August 20, 2009
Transparency in a Cap and Trade Regime
A guest post by David Douglas.
Cross-posted from his Near Walden blog.
One of the common arguments for a cap and trade system for GHG is that it establishes a price for carbon which will drive changes in investment and behavior. However, the current draft of the proposed Waxman-Markey bill (W-M) has introduced a wide range of allowances, offsets, and other mechanisms which may alter the actual price of carbon on a case-by-case basis. So even though there may be a market price for allowances that are traded among large emitters, that price will usually have nothing to do with the price for carbon that is actually paid by an energy consumer. As a result, the system has not created a useful price signal for large sectors of our economy, including US households.
Furthermore, once the European cap and trade system was put in place, there were many cases of energy prices actually rising more than the cost of the corresponding emissions allowances. With the lack of consumer price transparency in W-M, it becomes impossible to to determine if energy price increases are a result of fluctuating emission prices or not. To rectify this I would like to propose the following addition to any proposed US cap and trade legislation:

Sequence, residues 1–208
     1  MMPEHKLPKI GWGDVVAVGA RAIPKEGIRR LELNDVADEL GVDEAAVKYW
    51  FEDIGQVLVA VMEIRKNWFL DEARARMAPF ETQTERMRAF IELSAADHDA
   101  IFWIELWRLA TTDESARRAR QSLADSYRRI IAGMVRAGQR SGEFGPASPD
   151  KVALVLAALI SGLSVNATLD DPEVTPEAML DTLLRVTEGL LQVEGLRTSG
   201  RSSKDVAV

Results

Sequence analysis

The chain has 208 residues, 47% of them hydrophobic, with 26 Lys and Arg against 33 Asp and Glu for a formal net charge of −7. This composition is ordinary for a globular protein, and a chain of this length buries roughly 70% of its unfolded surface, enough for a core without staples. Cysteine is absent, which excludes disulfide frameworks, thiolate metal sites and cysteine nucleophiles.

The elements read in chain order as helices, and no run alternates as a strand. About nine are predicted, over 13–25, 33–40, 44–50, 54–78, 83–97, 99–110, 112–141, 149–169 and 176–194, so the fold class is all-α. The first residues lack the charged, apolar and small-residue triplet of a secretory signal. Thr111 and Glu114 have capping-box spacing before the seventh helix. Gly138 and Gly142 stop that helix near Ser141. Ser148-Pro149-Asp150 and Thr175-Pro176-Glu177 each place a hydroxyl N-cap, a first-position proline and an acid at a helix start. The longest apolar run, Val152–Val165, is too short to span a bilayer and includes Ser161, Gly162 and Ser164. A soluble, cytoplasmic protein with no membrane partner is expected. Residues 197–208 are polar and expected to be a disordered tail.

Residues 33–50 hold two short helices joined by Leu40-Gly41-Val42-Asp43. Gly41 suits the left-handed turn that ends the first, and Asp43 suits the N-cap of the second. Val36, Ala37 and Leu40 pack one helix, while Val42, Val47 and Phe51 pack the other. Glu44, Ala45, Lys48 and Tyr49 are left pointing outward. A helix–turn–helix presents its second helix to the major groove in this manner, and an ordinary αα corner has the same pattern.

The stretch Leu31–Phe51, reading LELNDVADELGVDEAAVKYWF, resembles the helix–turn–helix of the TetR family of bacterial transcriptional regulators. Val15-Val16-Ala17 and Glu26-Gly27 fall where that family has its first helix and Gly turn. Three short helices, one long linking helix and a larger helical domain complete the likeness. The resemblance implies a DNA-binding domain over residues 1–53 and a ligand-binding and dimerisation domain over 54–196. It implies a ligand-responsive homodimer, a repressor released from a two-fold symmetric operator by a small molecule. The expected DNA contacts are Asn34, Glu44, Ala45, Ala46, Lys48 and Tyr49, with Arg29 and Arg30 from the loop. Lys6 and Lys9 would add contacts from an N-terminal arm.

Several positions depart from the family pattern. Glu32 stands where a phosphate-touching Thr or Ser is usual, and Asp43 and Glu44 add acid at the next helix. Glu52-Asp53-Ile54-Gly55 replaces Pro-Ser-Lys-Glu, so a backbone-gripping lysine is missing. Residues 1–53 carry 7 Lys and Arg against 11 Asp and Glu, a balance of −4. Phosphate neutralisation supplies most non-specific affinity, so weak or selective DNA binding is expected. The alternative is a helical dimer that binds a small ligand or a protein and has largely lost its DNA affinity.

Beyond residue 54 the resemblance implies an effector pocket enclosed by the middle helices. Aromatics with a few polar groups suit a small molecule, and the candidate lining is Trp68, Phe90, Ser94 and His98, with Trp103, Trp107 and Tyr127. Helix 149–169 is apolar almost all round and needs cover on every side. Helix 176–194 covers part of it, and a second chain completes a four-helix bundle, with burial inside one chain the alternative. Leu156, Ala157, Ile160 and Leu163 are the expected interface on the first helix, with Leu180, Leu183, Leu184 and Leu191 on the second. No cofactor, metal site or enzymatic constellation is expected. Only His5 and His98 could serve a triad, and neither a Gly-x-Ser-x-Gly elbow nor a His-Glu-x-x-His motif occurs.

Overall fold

Consumer Energy Price Transparency Amendment: whenever a consumer (individual or organization) is billed for energy, the bill must explicitly identify the portion of the bill which was used to pay for emissions allowances, and the effective price per ton of CO2e that the amount represents. In cases where the exact amount is difficult to allocate, or that the information is not available at the moment of billing (such as at a gas station), then aggregated averages or estimates based on past time periods are allowable, provided that the sum of allowance charges presented to all consumers is within x% of the actual total.